Don’t freak out about exams just yet.
You have a week to prepare. It’s time to put your head down, your brain into gear and hit those books hard (not literally). Study Week can be a stressful time for students, so we’ve put together a few tips to keep you on track. Remember, staying organised and healthy is key. So get some sleep, avoid caffeine (seriously!), and limit your social media procrastination.
Confirm exam details
Obviously, you’ll check your myGriffith exam timetable to discover the date, time and location of your exam. The exam timetable is usually released a good few weeks before the commencement of Study Week. But just a heads up, that venues are subject to change, so be sure to double check the details 24 hours prior to the exam. Also, your exam may be in a place you are unfamiliar with. Check the campus map to locate the building, and use the Room Locations guide to decipher the level and room number. It can get confusing!
Schedule your life
Set out a study schedule and stick to it! There are loads of daily and weekly planners you can use to help with this. Now, we aren’t advocating that you spend a fortune on a Planner, but some are just so darn useful (and pretty!). You can find free planners online as well. Handy hint: sleeping and eating are important activities to schedule into your busy days. Your brain works better after rest and nourishment!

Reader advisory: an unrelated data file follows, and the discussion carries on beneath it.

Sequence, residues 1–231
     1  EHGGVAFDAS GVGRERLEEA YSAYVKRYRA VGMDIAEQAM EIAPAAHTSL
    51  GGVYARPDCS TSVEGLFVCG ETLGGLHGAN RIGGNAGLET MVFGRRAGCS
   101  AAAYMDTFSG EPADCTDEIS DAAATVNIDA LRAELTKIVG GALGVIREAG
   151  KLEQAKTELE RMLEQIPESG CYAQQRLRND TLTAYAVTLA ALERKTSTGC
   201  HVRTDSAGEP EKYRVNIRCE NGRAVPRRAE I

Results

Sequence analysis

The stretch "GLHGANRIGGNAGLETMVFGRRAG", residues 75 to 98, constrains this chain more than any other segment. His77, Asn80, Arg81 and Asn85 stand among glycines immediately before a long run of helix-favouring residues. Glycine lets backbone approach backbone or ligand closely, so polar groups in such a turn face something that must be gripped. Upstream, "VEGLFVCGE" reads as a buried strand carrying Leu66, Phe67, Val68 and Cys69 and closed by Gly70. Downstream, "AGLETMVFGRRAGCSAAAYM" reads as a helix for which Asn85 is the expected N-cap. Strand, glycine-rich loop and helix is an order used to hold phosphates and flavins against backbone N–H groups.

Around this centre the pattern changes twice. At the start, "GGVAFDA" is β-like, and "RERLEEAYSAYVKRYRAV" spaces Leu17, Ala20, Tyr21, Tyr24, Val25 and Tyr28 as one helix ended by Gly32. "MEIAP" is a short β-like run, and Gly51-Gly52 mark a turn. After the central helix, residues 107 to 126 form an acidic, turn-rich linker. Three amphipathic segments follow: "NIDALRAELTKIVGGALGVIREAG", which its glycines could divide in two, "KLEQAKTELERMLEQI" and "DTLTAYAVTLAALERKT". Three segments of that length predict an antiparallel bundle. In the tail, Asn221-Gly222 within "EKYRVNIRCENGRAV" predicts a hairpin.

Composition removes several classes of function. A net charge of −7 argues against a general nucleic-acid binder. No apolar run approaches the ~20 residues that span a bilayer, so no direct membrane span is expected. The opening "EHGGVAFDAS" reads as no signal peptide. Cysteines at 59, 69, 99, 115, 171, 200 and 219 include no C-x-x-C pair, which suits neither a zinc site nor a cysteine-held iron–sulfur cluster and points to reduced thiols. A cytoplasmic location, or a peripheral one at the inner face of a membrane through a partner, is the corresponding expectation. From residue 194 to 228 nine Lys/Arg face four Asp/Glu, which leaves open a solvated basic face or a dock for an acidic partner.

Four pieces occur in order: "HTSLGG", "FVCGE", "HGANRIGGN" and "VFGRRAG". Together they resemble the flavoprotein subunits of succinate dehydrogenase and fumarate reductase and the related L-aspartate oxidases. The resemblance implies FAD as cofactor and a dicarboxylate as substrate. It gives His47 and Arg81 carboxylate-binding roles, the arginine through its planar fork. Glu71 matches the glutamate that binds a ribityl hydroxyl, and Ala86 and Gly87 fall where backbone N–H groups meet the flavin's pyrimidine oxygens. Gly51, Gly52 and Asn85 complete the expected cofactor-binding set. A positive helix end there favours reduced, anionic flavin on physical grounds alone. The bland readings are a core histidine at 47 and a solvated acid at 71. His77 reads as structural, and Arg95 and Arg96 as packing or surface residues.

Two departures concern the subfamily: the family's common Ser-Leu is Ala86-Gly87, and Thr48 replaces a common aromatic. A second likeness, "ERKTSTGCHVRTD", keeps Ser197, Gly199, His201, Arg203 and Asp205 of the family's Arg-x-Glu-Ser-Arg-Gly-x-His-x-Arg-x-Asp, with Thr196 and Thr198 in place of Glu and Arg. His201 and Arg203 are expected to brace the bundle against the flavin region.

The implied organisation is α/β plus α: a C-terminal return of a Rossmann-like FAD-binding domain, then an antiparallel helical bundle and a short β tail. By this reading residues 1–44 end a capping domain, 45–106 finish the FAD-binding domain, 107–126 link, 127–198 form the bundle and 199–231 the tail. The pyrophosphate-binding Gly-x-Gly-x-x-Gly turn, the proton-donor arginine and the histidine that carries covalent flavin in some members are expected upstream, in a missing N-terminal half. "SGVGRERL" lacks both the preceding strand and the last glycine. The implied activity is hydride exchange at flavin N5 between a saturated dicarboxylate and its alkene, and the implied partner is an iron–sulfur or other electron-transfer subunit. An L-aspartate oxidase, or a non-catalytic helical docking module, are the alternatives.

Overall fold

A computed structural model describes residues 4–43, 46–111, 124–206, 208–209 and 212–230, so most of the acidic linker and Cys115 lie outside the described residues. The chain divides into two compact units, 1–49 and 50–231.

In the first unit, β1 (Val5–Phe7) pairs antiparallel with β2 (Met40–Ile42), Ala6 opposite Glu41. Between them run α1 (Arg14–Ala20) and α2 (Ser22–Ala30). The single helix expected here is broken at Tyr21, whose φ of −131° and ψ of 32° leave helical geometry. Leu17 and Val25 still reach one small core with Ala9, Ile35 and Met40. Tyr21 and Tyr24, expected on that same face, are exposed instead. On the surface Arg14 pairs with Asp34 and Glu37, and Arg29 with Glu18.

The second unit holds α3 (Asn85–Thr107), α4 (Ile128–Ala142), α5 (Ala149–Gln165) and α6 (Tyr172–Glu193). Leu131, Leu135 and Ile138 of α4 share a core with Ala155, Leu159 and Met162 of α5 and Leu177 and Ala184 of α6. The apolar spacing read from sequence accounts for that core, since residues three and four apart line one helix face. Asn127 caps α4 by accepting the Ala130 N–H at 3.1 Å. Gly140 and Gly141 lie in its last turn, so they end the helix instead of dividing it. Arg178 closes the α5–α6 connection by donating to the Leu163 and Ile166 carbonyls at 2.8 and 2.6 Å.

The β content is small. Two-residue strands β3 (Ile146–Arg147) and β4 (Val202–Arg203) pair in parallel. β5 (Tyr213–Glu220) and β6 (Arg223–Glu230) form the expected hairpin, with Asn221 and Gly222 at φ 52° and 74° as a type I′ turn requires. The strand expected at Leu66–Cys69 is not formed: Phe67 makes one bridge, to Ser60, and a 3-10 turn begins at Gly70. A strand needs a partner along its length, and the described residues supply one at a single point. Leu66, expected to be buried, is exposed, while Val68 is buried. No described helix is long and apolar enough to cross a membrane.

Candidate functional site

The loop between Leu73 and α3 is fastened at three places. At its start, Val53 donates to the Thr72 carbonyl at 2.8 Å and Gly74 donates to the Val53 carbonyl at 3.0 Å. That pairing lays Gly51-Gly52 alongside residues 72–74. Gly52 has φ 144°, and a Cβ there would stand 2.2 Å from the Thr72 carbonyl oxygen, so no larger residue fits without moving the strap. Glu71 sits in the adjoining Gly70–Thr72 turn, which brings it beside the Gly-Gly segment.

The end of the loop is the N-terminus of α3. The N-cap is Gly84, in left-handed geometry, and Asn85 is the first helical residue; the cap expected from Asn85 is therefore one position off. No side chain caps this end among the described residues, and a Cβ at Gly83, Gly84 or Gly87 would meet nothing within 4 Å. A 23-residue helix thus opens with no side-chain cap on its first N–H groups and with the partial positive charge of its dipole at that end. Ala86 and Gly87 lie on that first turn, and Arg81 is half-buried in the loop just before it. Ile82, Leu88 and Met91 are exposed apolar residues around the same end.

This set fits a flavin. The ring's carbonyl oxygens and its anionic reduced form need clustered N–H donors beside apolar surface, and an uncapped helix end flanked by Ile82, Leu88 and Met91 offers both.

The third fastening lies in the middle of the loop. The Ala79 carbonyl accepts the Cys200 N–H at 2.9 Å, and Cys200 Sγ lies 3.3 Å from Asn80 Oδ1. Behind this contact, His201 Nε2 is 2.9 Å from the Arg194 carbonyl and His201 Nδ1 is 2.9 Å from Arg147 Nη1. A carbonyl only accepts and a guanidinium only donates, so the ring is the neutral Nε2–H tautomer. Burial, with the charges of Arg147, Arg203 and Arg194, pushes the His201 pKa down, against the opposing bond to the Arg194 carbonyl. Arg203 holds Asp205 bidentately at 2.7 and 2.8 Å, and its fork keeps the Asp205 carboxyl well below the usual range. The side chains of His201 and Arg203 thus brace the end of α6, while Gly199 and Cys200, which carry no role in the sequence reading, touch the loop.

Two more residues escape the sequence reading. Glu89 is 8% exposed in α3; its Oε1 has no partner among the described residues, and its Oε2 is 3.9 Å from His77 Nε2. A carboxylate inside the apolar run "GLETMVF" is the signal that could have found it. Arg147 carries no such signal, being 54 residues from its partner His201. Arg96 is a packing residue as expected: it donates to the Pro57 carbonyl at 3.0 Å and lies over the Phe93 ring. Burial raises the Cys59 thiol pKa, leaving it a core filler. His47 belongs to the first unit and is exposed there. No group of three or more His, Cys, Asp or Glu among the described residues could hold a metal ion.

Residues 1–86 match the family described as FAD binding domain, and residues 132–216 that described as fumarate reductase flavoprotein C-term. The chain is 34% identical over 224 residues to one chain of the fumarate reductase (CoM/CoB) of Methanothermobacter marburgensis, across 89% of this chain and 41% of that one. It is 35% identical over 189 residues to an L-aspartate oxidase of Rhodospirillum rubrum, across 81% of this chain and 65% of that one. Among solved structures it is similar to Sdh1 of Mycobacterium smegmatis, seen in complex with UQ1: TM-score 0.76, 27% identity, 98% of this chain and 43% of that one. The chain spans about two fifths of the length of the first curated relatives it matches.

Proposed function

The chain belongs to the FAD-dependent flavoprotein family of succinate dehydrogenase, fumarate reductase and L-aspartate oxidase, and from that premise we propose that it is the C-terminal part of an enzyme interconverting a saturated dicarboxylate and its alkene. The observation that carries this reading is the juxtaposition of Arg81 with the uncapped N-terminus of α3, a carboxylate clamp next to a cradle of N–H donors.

Setting unrealistic goals is just as bad as not setting them at all. Check how you are travelling in your course so far. The results for all your completed assessment items should be available in Learning@Griffith. Calculate how many marks you need to achieve your desired overall course grade. That’s what you should work towards. Start thinking of all the ways you can reward yourself when you reach this goal!
Prepare your study notes.
This is the moment when you’ll be super pleased with yourself for going to class and taking awesome notes. Go grab those notes; it’s time to make them work for you. Basically, you want to condense your notes and present them in a visual format. Have you heard of a mind map, concept map or flowchart? According to Patrick Sharrat in Passing Exams for Dummies (2013), your brain thinks in pictures, so creating keyword pictures and patterns can help with memory retention.
Teach the topic to someone.
Teach the topic to your mum, friend or flatmate's dog. The best way to test your understanding of a topic is to try to teach it to someone else – even a class of stuffed animals will do! Now, Mickey and Minnie, listen up…